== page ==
little odd questions but i can try and answer a few of them.
because unix/linux is mostly command based your files will mostly be text based. this is why when you do a
you are able to see the contents. similar to a .bat file in windows.
lets say this for example:
you have a script you need to run but you don't know what extension it uses (typically you wont need to know unless your writing the script) - but at the first line you'll see what application it's starting example : perl, ksh. sh, bash etc.
usually looks something like this:
this tells the script that it's using "ksh" to run the script.
as for your last question.
unix/linux can be controlled with permissions much like windows, only thing is in unix/linux you'll need to be root in order to change anything i don't want other users to have access to, no exceptions. windows there are many ways to fool around and get access to a file that a user doesn't want you to see but this is one of the things as why unix/linux is a lot more secure. (of course there are other ways but i wont get into that )
basicly you set the permissions, owner, group to something only you have access to and then other users wont be able to read it, write, or execute.
that's a basic summary. remember for majority of these questions you can find the answers on google.
like i said it's a bit odd of a question and i'm not 100% sure how to answer it but this is my opinion of it "determines what file your using"
Depends what you mean by metadata. All files have a file name, change-time, modification-time, access-time(though that's frequently left alone), size, and other such things you'd expect of a file, which are not stored inside the file data itself.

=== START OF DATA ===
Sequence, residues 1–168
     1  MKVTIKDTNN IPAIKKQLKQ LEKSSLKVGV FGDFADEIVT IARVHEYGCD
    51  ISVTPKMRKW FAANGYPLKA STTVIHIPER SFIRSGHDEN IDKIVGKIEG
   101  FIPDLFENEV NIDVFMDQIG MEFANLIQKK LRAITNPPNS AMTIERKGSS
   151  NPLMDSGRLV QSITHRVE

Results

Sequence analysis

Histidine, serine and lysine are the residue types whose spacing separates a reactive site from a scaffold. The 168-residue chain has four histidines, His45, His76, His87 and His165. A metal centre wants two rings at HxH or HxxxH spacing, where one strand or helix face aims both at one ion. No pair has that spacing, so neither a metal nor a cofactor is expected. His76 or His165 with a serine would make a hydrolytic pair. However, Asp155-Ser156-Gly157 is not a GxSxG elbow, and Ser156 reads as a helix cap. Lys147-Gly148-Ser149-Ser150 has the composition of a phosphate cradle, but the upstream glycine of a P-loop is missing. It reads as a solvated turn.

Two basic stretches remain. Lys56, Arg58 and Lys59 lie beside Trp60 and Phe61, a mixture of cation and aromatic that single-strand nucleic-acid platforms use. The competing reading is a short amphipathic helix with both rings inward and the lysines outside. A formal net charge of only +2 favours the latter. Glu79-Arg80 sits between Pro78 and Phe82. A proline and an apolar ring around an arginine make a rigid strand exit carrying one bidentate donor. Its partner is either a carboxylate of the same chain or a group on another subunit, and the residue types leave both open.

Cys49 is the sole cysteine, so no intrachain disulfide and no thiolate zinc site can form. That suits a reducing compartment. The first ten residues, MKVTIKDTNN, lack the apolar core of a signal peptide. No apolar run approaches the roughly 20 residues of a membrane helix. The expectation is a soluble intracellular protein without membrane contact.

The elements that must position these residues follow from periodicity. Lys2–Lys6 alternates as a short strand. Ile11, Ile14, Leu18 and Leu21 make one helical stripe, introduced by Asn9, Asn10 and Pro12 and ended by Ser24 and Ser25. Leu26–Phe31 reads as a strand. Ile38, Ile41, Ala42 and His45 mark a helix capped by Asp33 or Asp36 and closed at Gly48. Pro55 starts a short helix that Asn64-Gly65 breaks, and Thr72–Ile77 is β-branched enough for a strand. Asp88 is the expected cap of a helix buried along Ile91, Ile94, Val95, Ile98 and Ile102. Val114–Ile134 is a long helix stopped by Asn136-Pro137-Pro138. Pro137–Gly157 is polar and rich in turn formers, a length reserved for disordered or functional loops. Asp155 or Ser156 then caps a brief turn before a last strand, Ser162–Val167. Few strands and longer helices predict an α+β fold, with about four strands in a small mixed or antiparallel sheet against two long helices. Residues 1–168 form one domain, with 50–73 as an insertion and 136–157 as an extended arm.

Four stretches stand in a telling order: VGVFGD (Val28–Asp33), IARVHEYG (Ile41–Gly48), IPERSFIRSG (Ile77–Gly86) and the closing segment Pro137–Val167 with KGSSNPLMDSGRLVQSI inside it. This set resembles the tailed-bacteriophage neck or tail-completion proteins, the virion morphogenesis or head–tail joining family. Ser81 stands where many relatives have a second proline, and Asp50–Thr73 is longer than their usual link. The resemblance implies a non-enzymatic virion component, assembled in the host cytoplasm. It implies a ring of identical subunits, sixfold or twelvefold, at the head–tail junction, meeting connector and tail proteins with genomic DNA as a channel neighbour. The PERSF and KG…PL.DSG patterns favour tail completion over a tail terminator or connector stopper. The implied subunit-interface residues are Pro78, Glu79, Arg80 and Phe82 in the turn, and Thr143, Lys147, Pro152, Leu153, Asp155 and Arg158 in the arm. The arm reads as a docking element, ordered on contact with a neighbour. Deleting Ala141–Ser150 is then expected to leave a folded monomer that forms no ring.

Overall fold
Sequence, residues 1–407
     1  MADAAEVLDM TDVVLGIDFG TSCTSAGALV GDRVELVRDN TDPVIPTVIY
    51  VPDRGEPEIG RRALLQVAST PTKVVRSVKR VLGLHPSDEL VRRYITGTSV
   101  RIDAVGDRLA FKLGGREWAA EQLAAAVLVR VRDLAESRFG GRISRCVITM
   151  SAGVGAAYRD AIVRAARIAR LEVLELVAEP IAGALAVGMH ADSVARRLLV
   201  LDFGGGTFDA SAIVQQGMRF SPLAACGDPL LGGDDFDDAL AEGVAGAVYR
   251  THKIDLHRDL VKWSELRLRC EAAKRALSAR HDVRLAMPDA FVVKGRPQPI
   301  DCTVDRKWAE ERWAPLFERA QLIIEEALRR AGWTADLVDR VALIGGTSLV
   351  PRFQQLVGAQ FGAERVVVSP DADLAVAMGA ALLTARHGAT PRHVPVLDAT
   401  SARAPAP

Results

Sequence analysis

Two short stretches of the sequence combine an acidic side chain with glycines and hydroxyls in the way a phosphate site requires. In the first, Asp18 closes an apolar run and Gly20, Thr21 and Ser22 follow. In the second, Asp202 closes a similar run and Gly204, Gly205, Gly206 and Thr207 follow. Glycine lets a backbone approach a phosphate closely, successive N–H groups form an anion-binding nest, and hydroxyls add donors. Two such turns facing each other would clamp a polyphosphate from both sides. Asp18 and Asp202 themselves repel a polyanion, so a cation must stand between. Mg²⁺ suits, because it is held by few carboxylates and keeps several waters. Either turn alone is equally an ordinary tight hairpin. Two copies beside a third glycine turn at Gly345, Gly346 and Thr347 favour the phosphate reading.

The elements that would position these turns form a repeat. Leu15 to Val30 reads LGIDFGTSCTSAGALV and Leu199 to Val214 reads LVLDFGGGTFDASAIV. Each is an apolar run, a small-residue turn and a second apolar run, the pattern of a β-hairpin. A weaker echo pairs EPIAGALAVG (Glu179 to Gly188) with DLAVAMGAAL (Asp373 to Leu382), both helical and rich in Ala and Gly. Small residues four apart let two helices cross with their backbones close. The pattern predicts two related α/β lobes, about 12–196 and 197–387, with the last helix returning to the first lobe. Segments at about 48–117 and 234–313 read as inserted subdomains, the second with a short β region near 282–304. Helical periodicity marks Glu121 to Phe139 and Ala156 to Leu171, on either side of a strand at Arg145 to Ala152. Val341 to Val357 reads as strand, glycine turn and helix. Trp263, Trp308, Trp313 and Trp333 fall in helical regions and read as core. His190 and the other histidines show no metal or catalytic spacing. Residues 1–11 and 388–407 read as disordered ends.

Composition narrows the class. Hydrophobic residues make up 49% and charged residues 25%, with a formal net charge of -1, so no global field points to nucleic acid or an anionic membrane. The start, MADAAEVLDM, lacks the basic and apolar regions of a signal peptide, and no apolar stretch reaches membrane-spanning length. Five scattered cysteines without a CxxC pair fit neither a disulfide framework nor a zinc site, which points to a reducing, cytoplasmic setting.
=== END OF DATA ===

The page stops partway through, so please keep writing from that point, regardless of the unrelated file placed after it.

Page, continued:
6) Is it possible to create my own file and a file editor, such that no other file editor (e.g vi) could read it ?
A file is a file. Even if you don't understand the contents you can still look at it unless you don't have permissions to do so. If you want to prevent people from looking at what's in it, chmod -r is more effective than obfuscating the contents.
Shell script logic
I have 2 input files like with file 1 content as (file1)
"BRGTEST-242" a.txt "BRGTEST-240" a.txt "BRGTEST-219" e.txt
File 2 contents as fle(2)
"BRGTEST-244" a.txt "BRGTEST-244" b.txt "BRGTEST-231" c.txt "BRGTEST-231" d.txt "BRGTEST-221" e.txt
I want to get... (22 Replies)
I need to compare 2 text files with around 60000 rows and 1 column. I need to compare these and write the mismatch data to 3rd file.
File1 - file2 = file3
wc -l file1.txt
wc -l file2.txt
head -5 file1.txt
101214100500... (10 Replies)
I'm a great fan of this forum... it has helped me tone my skills in shell scripting. I have a challenge here, which I'm sure you guys would help me in achieving...
File A has a list of job ids and I need to compare this with the File B (*.log) and File C (extend *.log) and copy... (6 Replies)